3) Arabic-speaking post: Sorry to disappoint those who were pining to visit us in Rome next year. We will likely enjoy a cushy European post later in my career but not as a newbie. In fact, I am required to serve one of my first two tours in an Arabic-speaking post and would strongly prefer to meet this requirement at the outset so I have more latitude while bidding for my second tour. I also happen to feel a strong call of duty in light of the profound changes in the Middle East. Given the swelling registers of eligible candidates for the Foreign Service, I am also fortunate that my Arabic proficiency is my ticket in and I suspect it eventually will be for my wife as well. And finally, don't think that we will be stationed in some desert wasteland. Believe it or not, the Arab world has a lot of diversity and some capitals are very cosmopolitan. A posting in Morocco would be ideal because of its politics, food and people. Other attractive family-friendly posts include Jordan, Israel (Jerusalem), Syria and Oman.

This exercise obviously entails a lot of wishful thinking but I do think it is grounded in reality. It will also be fun to look back on this post before I present my actual preferences to the Career Development Officer who will use them to help determine my first assignment. Right now, I will just have to commiserate with other diplomats in waiting who have bid list envy and follow other bloggers who provide flag day recaps with overjoyed reports about assignments matching their preferences.

Unfortunately, all of the uncertainty surrounding the federal budget has cast a dark cloud over the "Foreign Service wannabe" blogosphere. The HR Department announced today the cancellation of a previously scheduled orientation class for May. I had taken myself off the call list for this class but am hopeful of entering the next one in mid-July. In the meantime, I'll share any new developments (instead of weird dreams) and continue to throw darts at my world map on the wall.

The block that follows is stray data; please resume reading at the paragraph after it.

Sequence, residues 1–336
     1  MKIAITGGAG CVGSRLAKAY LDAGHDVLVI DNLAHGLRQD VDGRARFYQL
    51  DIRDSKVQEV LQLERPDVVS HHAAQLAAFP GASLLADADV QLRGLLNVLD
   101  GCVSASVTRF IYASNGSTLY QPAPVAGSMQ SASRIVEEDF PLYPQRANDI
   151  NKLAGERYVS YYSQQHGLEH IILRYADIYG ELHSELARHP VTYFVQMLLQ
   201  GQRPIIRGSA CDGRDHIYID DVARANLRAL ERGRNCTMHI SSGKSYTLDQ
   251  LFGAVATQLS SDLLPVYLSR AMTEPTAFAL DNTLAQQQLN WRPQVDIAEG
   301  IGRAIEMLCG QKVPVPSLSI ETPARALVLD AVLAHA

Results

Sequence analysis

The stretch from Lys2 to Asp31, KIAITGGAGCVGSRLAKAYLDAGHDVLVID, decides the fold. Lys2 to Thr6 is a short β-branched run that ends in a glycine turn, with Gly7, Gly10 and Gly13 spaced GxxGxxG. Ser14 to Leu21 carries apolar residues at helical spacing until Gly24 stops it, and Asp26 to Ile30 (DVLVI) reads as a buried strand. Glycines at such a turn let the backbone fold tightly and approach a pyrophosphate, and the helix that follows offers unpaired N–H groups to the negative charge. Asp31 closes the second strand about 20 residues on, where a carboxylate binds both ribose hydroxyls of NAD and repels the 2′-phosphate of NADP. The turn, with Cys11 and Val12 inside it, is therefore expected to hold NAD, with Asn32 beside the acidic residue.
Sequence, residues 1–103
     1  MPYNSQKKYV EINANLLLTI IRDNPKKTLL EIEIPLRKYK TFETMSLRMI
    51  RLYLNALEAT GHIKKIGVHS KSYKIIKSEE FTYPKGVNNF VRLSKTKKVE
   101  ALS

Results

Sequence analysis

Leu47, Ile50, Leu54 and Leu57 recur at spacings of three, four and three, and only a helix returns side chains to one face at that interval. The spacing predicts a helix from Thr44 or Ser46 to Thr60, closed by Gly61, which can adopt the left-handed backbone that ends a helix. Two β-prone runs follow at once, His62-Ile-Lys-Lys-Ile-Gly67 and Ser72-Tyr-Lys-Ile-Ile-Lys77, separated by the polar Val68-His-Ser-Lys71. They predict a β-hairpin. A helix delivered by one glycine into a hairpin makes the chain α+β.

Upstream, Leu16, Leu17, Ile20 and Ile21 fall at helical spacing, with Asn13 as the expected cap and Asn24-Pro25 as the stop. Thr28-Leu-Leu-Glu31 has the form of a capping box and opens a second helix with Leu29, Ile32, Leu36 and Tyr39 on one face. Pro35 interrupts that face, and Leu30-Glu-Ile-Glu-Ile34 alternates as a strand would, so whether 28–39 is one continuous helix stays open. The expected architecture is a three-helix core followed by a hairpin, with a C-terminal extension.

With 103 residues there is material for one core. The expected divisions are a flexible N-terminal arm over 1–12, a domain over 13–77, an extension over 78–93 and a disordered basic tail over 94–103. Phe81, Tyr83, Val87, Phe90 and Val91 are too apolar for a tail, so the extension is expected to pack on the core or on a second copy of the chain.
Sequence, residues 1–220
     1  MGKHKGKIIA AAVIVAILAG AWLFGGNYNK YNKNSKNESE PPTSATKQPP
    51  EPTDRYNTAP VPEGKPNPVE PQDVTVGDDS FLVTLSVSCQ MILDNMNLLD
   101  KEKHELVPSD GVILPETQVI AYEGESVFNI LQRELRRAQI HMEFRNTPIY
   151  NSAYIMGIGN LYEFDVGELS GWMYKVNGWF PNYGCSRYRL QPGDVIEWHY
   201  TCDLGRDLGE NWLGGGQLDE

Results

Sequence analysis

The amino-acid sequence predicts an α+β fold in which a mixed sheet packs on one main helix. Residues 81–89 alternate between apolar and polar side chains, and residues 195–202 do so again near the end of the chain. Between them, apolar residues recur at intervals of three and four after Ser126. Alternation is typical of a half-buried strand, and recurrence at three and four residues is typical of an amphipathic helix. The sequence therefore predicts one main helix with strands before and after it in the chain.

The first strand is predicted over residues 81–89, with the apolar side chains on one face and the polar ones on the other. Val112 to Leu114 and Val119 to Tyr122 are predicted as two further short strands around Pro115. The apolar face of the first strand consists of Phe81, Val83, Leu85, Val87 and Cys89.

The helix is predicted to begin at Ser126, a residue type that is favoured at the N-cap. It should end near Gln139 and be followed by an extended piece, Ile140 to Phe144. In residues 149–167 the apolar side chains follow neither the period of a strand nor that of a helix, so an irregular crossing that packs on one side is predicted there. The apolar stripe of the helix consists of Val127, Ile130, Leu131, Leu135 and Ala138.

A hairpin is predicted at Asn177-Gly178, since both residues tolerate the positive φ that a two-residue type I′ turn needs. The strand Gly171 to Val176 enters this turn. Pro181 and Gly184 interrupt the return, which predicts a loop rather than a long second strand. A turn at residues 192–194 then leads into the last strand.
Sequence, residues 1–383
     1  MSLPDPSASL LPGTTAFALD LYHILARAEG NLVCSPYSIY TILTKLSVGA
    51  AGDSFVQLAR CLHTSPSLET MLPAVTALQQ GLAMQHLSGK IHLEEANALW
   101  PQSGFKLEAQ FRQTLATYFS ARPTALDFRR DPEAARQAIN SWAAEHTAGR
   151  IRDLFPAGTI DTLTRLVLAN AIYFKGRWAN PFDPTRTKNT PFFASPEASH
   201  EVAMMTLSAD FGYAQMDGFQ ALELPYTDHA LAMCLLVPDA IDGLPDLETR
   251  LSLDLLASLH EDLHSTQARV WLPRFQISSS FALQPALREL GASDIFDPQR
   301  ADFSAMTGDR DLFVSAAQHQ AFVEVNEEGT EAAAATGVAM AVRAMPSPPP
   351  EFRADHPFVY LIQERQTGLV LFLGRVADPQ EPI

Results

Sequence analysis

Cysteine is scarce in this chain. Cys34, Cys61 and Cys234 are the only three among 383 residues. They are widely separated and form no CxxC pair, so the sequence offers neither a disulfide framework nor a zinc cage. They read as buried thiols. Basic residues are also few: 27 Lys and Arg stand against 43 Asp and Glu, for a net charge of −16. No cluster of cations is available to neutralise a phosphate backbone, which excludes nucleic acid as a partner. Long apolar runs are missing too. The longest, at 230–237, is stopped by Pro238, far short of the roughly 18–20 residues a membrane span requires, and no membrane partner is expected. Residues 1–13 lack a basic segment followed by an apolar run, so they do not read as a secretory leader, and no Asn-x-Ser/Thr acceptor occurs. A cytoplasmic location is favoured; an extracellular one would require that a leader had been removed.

"No, I don't really do this. I haven't gone off the deep end yet!"


  1. Great post! We have to keep our minds busy. I might copy your idea and post something similar with 3 guiding factors in our decision making process.

  2. HAHA. is on my list. I hear the housing is great in Burundi for FS employees.

  3. Congrats on making it to the register. I have added a link to your blog to my blogroll of Future FS blogs at

  4. Sure there are challenges in the Near Eastern Affairs Bureau, but I think NEA posts are great for families. Don't let anyone tell you otherwise :)

    Tel Aviv would be another great family post - Jill Pearlman at The Pearlman Update did a tour there with her two girls and loved it. We'd go there in a heart beat. They have Arabic speaking jobs there as well as Hebrew.

    I really liked how you talked about the call of duty you feel towards the Middle East right now - it is certainly a fascinating time to be here and we feel that call too.

    Good luck with everything!